“The class starts at 2, so we’ll leave here at 1:30,” Michael told me.
“Hon? We’re a two minute drive to the scuba place. We don’t need to leave that early.” But, of the two of us, Michael was the only one who could drive on the left side of the road, so at 1:00 we got in the car and at 1:32 we found ourselves sitting in the beach parking lot. “We’re a little early,” he said. I stared straight ahead so he couldn’t see my eyes rolling. “Let’s go in and see if we can start now.”
“Sure,” said Roger, of Roger’s Scuba Shack. He sat me down at a table to watch a short video first. Little did he know that I’d already watched the video. Just before we started dating, my dear husband–for the fun of it–became a certified scuba instructor. So when I finally agreed, seven years later, to try my hand at scuba diving, Michael pulled me into the living room of our condo in Barbados where he had a video cued up waiting for me. “Watch this so you’re not going in cold tomorrow.”
And so it was that I watched the video again, answered the true and false questions on the quiz, and signed my life away should something happen to me whilst I was submerged below the Caribbean waves.
I was fitted for a neck-to-ankle wet suit, fins, mask; a weight belt was fastened around my waist. And then we waited. Until 3pm. Because Barbados was still in their “National Pause” and afternoon beach hours began at 3.
“They’re not going to let me go with you in the beginning,” Michael said.
“Okay,” I said, thinking that’s a relief.
“Yeah–it’d probably be too much pressure or something if you were trying to learn from me,” Michael explained. Another diving instructor, overhearing our conversation, said, “Yeah–I’ve taught hundreds of people to scuba dive. Even people that couldn’t swim. But my girlfriend? Nope. I tried. Couldn’t do it.”
And so it was that Michael watched as Roger and I walked across the beach and down to the calm waters of Carlisle Bay.
As much as I’m not an ocean kind-of-girl, this time I was eager to get in the water: Do you have any idea how much a scuba tank weighs on your back? “Lean forward a little,” Roger instructed. “That will take some of the weight off.” Thankfully, once you get in the water, the tank, held up by the buoyancy of the water, weighs nothing.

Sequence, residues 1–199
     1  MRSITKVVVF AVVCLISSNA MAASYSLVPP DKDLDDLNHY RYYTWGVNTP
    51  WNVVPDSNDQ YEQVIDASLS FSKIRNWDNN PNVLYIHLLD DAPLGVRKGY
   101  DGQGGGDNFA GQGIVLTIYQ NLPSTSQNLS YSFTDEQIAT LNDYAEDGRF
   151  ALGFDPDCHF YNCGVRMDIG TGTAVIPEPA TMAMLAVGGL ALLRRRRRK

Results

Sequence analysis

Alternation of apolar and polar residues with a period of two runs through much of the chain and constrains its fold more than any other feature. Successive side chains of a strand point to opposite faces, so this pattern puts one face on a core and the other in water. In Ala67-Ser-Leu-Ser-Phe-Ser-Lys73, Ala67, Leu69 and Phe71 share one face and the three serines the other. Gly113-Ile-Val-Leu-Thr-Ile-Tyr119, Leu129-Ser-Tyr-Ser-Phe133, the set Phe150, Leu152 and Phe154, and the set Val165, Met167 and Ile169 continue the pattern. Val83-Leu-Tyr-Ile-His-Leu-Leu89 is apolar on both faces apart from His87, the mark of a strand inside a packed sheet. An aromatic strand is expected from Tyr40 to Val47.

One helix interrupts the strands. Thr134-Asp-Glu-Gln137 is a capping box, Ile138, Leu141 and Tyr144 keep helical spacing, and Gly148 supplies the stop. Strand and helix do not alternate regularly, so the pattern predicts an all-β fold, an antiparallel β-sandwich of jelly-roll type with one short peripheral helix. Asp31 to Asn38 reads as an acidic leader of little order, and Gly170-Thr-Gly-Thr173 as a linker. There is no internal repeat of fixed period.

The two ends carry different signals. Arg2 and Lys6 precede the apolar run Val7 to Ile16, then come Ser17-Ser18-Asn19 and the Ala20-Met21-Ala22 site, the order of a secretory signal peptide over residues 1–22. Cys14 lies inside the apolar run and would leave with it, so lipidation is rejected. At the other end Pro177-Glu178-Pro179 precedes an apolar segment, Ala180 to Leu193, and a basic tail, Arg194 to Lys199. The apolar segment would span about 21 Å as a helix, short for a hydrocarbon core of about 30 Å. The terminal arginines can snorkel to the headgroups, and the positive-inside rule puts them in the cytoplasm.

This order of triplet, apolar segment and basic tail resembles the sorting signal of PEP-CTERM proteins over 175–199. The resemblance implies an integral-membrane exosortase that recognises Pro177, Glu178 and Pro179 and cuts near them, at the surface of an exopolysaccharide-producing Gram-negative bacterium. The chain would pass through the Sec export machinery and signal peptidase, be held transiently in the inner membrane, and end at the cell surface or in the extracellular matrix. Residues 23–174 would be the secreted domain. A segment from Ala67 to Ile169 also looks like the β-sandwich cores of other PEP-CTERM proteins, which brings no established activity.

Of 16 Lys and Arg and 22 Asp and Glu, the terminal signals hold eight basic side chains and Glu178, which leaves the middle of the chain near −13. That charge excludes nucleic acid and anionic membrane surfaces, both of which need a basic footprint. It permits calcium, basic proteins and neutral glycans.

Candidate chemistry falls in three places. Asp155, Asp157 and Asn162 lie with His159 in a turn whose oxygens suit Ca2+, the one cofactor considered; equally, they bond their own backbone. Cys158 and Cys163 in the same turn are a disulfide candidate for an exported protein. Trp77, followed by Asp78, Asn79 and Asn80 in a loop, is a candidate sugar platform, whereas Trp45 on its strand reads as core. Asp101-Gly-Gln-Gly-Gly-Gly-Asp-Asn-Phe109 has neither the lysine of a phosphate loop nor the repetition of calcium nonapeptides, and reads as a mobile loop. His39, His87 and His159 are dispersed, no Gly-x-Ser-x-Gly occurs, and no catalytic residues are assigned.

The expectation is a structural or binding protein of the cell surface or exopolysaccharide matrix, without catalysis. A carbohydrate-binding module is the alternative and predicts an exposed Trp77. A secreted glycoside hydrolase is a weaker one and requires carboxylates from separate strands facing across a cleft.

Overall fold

We walked out to a spot where I could still stand with my head above water. “First we’re just going to breathe under water,” Roger said. I pulled my mask down over my eyes and nose and put the regulator in my mouth. Underwater I took deep breaths just as Roger had instructed.
Roger moved on to other topics. He showed me how to clear my mask of water (seriously? No one has figured out yet how not to get water in these things?), how to clear my ears (a critical requirement when descending). “Okay. Next time we go under, you’re going to remove your regulator, toss it over your shoulder, touch your tank, touch your leg, then find the regulator again and put it back in your mouth.” Whoa, whoa, whoa buddy. What?!
The regulator is attached to the air tank by a long tube. So it wasn’t like I’d have to go search for it in the sand at my feet or something. “You reach your right arm back and then bring it forward and you’ll catch the tube,” Roger explained. I was still having a little trouble wrapping my head around this idea. So you want me to take the thing that’s giving me air OUT of my mouth? Then do some random tasks and try to FIND it again and get into back INTO my mouth? All while underwater??!
“Uhh. . .” I had no words for Roger.
“We’ll go under together and you’ll watch me do it first, then you’ll try it.”
Below the surface I watched as Roger, never losing eye contact with me, slowly went through the process. The seconds seemed like minutes. I can’t hold my breath that long! And then I remembered I wasn’t supposed to hold my breath. I was supposed to breath out tiny little bubbles.
Roger finished the routine and then pointed to me. I inhaled deeply on the regulator, then pulled it out, blowing a stream of bubbles at Roger. I tossed the regulator over my shoulder as quickly as I could, reached my hand back to find it again, and managed to get it back in my mouth. Oh my God! I did it!
Roger and I stood up. “Great job,” he said. “But you seemed a little nervous, so we’re going to do it one more time.” Damn. This guy has me nailed. “Remember to breathe out tiny bubbles–that way your breath will last longer.”
We went under again. Roger did his demo. I followed suit and nailed it. Honestly, he could have said it was all over right then and I would have been so darn proud of myself. But Michael had been waiting seven years for me to descend into the ocean with him. And he hadn’t seen any of this. So Roger and I swam out to the boat where Michael, bedecked in his own scuba gear, was waiting.
“So?!” he asked.
“I’m ready!” I said, hoping that was true.